Even though it went away for a while, it never really went anywhere. And likely, that will once again be the fate of any discussion of a home rule charter for New Castle.
The topic arose last week during a public meeting for a report on the city’s financial condition completed by New Castle’s Act 47 coordinators. The study included the proposal that, before the end of 2019, the city compile a three-year plan to shed the distressed community status that it has borne since 2007.
Home rule, at first glance, seems a viable tool in accomplishing that. Communities with home rule charters are able to tailor their governmental organization and powers to suit their special needs, allowing them to streamline their governments and create other previously nonexistent efficiencies.
But perhaps the biggest attraction is a greater flexibility on taxes.
As a distressed city under Act 47, the city is permitted to impose a wage tax on non-residents who work in New Castle. Act 47 status also permits the city to tax city residents above the state-mandated 1 percent level.
Without Act 47, the city would be limited to taxing its residents, and only at the 1 percent level.
Home rule, though, would allow the city to increase the tax above the 1 percent level to generate the revenue lost from non-residents by exiting Act 47. Or, the city could produce the revenue through a combination of wage and property tax increases.
But one doesn’t make the switch to home rule oversight by simply saying, “Let’s do it.”
The first step is for voters to elect a study commission of city residents. If the commission recommends a home rule charter, it would have to receive voter approval in another election. And if adopted, any subsequent changes would need voter approval as well.
Now let’s go back to the tax thing.
Were the city to exit Act 47, it no longer would be able assess the wage tax on nonresidents. That means city residents would be needed to pick up that lost revenue in the form of a higher wage tax on themselves.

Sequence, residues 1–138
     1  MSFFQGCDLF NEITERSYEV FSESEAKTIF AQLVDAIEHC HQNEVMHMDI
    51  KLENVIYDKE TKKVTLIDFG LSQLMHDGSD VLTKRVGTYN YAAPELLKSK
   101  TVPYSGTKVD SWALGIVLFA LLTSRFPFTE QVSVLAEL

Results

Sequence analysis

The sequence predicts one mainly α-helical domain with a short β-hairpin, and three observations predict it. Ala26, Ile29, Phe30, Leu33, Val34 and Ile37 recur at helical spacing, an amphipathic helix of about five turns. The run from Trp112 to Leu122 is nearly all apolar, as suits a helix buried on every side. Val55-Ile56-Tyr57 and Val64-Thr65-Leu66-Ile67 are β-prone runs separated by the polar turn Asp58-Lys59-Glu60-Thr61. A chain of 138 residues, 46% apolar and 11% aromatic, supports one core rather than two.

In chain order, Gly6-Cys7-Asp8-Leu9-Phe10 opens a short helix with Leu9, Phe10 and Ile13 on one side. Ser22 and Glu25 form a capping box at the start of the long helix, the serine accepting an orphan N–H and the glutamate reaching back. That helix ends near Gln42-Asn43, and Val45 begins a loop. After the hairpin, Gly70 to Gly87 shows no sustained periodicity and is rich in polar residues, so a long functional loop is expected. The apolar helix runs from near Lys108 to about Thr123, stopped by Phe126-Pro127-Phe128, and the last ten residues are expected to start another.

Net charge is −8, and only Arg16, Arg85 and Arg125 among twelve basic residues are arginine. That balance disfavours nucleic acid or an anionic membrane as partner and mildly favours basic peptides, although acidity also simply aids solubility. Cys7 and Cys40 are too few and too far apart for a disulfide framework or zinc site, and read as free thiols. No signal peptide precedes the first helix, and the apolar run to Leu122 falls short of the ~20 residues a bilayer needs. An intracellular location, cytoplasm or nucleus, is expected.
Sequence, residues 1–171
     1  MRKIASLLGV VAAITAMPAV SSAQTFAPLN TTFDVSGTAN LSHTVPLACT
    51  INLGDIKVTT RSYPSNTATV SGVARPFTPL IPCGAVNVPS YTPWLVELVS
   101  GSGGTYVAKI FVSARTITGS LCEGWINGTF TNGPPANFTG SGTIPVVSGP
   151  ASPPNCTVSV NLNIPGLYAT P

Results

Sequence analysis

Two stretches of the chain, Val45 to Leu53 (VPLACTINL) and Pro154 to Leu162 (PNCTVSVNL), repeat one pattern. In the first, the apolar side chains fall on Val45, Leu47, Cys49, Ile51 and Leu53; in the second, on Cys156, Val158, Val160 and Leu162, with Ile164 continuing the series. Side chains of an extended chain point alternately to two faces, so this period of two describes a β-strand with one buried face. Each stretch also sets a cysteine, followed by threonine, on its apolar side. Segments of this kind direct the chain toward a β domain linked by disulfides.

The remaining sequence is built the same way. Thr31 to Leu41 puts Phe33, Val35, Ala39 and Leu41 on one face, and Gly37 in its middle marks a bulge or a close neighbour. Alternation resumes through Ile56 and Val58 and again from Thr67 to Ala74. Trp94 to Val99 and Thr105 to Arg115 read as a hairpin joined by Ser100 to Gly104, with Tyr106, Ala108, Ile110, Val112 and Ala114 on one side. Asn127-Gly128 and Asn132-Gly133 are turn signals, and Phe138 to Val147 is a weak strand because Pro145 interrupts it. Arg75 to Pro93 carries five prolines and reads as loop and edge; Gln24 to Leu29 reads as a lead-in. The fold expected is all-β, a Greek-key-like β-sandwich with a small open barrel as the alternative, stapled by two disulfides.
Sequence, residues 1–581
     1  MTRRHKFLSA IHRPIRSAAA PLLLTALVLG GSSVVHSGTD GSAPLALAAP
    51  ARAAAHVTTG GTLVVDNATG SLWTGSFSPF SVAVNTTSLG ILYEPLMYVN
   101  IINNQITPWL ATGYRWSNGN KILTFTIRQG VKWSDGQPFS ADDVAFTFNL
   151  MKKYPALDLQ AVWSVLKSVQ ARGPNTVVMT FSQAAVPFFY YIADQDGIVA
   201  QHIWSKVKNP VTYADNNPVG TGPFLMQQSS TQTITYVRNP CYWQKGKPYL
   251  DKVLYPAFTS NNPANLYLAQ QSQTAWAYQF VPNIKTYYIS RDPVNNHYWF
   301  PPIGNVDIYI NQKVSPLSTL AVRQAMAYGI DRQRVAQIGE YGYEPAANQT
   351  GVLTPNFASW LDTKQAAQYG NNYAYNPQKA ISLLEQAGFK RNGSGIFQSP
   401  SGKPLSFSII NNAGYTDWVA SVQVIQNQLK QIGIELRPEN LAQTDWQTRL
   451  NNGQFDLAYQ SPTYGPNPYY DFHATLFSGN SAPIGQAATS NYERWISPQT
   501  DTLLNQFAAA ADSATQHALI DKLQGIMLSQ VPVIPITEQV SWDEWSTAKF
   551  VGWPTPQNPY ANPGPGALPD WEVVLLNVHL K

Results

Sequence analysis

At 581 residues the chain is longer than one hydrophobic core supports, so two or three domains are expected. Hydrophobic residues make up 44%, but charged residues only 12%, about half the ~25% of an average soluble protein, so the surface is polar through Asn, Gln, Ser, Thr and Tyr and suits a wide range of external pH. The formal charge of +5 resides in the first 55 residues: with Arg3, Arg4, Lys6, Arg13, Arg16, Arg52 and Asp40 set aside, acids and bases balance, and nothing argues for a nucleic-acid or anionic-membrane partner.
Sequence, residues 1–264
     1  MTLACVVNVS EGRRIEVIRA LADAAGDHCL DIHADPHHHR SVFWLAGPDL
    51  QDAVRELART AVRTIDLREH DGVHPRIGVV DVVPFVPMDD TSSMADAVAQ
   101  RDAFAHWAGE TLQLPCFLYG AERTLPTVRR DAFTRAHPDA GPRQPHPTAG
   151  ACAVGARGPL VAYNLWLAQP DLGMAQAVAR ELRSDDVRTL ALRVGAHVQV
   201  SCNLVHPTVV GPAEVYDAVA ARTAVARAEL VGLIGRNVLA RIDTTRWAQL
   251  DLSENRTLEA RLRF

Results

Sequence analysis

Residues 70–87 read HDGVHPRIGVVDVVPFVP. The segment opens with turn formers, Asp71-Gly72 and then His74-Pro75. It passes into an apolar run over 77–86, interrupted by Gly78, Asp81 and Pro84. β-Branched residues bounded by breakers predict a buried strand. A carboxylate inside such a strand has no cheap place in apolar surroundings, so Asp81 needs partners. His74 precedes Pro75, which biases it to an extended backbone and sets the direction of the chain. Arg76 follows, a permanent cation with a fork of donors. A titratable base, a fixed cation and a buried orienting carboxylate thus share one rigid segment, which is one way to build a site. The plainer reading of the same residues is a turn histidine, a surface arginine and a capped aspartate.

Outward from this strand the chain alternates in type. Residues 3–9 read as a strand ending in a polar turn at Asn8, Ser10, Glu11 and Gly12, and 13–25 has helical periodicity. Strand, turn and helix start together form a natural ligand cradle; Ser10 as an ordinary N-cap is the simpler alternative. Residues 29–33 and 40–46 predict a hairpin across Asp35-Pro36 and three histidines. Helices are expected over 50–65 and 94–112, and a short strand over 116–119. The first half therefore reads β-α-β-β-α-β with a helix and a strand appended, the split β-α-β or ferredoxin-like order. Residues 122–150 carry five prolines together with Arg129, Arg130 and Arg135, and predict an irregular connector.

Has anyone ever voted to pay higher taxes?
Moreover, meeting a directive of the city’s Act 47 recovery
plan in 2013, Mayor Anthony Mastrangelo, councilmen William Panella and Richard Besherro, business administrator Stephanie Dean and solicitor Jason Medure formed a committee to gauge the benefits and drawbacks of home rule, and to produce a report on their findings.
The panel decided against pursuing home rule, with a report prepared by the Act 47 coordinator stating that “While the committee recognizes the financial and operational benefits of organizing city government under a home rule charter, the committee does not feel those potential benefits outweigh concerns that the study commission process is open ended, and there is uncertainty what other changes would be pursued through home rule.”
Specifically, those other changes could include a change from the mayor-council form of government, which the city has used since 1968. Is it reasonable to assume that office holders would back a change that could eliminate their positions?
State law does allow for citizens to petition for a government study, but again, there’s that tax thing. How many city residents would be enthused about pursuing a change of direction that’s going to hit them squarely in the pocketbook?
We’re not saying home rule is a magic elixir that would fix all New Castle’s woes. However at least 21 Pennsylvania Third-Class Cities — like New Castle — have opted for it, so we think it’s worth another look to see if the passage of six years makes it any better of a fit.
Nonetheless, until another revenue source besides an elevated earned income tax is identified, even taking a peak is going to be a tough sell.